Sunday, July 26, 2009

Thrush Treatment

Well, now that I've been treating Jack's hooves for thrush for a couple of weeks now, I might as well post about what I've been doing and how it's been working.

First, I'll admit that I sat around and waited waaaaay too long and allowed the problem to get much worse than it ever should have. His frogs were in BAD shape by the time I got serious about treating it, and for that I am ashamed. But, late is better than never, and the treatment I've been using has greatly improved his hoof health.

Here's my basic strategy:

Pick hooves twice daily.

Soak a pair at a time in Borax solution. Fronts one day, Hinds the next day for 5-7 days, Applying "Pete's Goo" immediately afterward. Trim diseased frog away, to keep dirt and bacteria from getting packed in.

Continue twice daily hoof picking followed by "Pete's Goo" until frogs begin to appear healthy again

Continue twice or at least once daily hoof picking forever after.

Recipe for "Pete's Goo"
Equal parts of (triple antibiotic ointment plus) and human Athletes Foot Cream (1% Clotrimazole) applied with a syringe into deep parts of hoof.

Shopping List:
Big flexible rubber tub for hoof soaking
Triple Antibiotic Ointment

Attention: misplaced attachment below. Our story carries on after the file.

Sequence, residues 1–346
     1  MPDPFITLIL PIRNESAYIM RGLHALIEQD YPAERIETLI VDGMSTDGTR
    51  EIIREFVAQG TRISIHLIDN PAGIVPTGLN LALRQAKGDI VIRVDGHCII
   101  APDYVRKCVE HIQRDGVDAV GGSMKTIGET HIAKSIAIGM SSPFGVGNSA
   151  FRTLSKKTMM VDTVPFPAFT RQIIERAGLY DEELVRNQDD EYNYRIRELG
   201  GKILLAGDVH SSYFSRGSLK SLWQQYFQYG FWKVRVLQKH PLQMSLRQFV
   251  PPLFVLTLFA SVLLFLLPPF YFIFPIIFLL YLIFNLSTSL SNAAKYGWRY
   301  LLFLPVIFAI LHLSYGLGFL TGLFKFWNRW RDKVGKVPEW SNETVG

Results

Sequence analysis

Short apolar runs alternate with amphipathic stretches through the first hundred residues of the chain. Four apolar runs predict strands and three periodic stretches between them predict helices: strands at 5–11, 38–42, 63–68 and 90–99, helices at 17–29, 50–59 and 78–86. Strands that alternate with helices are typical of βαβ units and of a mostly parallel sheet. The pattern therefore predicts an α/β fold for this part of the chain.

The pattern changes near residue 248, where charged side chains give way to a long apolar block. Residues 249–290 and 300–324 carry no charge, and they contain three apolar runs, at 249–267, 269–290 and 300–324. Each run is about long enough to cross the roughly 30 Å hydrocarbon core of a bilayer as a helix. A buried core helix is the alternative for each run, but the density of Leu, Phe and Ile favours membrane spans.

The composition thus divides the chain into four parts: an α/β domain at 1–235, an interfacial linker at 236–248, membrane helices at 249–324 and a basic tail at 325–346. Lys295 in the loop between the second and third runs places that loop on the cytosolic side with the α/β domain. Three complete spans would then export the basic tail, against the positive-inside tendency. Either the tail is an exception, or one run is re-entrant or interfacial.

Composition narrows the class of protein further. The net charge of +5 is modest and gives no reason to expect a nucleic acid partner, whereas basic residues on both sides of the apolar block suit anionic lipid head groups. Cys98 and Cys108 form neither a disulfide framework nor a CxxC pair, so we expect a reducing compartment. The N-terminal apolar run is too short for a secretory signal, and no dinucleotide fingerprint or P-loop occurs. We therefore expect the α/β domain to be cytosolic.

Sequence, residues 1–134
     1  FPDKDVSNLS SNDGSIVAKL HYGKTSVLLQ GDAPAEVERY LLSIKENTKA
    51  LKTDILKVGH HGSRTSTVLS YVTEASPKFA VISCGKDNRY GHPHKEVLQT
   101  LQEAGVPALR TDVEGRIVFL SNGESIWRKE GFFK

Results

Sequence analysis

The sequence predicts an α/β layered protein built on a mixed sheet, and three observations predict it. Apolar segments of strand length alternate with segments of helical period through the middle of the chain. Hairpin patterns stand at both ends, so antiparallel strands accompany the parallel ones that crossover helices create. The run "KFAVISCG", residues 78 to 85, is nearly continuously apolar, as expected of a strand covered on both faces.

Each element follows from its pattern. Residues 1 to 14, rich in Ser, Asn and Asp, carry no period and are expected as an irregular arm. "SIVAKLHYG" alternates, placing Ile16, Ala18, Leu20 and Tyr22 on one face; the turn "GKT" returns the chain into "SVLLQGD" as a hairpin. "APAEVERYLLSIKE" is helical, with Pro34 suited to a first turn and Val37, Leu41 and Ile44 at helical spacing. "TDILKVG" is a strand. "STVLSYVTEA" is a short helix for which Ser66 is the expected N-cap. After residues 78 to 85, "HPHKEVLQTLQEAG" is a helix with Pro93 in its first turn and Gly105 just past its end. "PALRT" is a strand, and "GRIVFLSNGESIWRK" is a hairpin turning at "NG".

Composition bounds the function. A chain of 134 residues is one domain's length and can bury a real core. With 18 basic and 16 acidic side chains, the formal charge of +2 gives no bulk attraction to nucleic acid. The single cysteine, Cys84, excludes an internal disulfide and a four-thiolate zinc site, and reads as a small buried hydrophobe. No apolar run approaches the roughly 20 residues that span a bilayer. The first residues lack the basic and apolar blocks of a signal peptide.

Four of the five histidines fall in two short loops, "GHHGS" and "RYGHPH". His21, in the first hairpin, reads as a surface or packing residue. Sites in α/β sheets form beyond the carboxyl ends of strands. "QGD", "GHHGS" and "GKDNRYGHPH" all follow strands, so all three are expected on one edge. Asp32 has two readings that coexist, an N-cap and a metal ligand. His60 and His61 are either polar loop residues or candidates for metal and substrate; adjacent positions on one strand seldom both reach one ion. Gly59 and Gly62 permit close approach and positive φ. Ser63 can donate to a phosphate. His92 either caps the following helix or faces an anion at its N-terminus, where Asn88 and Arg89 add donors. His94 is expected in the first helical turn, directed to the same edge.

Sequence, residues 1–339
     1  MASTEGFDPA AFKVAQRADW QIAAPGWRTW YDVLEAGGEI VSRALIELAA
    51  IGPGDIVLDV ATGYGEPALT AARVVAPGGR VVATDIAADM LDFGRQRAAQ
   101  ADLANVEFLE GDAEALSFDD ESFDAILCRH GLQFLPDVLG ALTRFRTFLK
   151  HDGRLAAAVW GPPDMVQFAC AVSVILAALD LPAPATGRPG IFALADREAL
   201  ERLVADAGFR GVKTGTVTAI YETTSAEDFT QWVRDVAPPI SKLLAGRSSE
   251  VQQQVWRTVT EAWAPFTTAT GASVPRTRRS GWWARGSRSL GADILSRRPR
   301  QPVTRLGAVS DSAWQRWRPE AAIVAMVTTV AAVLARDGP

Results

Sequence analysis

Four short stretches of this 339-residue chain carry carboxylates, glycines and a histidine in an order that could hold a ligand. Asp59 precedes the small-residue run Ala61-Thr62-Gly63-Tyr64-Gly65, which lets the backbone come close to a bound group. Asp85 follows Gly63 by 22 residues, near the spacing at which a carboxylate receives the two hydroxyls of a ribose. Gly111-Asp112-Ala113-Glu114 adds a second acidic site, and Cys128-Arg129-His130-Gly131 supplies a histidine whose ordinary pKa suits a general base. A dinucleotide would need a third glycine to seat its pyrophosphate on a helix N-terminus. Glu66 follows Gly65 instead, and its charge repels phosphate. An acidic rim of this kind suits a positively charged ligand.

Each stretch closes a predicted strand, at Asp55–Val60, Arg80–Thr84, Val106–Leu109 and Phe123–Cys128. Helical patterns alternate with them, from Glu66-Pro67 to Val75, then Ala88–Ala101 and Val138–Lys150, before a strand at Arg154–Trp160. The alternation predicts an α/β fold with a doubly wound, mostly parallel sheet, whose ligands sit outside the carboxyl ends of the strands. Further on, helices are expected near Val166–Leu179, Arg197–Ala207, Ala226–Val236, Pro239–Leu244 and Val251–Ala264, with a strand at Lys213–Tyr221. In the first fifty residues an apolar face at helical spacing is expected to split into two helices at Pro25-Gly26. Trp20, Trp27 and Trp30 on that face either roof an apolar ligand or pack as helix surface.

Athletes Foot Cream - 1% Clotrimazole
Lysol or Borax

So, I began the twice daily picking of Jack's hooves the day of the July 7th post asking about thrush remedies. By Wednesday evening I had assembled all the stuff on the shopping list, and Thursday evening I soaked his front hooves for about 20-30 minutes. Friday morning I soaked his hinds. Then on Friday night I soaked his fronts and trimmed away extra frog on his fronts and applied "Pete's Goo". I had to trim away a lot of material, he had big cracks and the central sulcus was really really deep. Saturday morning I soaked his hind feet, and did the frog trimming and put "Pete's Goo" on them. Sunday evening I soaked, re-trimmed the frog, and "goo-ed" his front feet, and Monday evening soaked and "goo-ed" his hind feet.

After that the week got super-busy, and I didn't take the time to soak his feet anymore, but continued with the twice daily hoof picking, and put "Pete's Goo" on one pair of feet daily for the rest of the week. Now I've run out of the goo, but am still doing the twice daily hoof picking.

I have seen a lot of improvement in his frogs - the central sulcus is not nearly as deep, and the frog is beginning to grow back healthy and nice. He quickly began to be much more cooperative about picking up his feet, I think because it quit hurting every time I tried to pick the dirt out of them. It took a LOT of hard work to get to this point, especially with this big ol' belly I'm getting, but definitely it was my fault that they got this bad to begin with, so it was time well spent. I'm hoping to be able to soon cut back to once daily hoof picking, but I will wait until his frogs are 100% healthy again.
I'm glad that Jack's hooves are on their way back to healthy. At 29 years old, he's got his share of problems, and I'm glad that finally his hooves won't be one of them. Now if only I could just keep weight on him! All day grazing, twice daily pelleted Senior horse feed, and regular worming is not enough for him!

Monday, July 20, 2009

Yes, I'm still here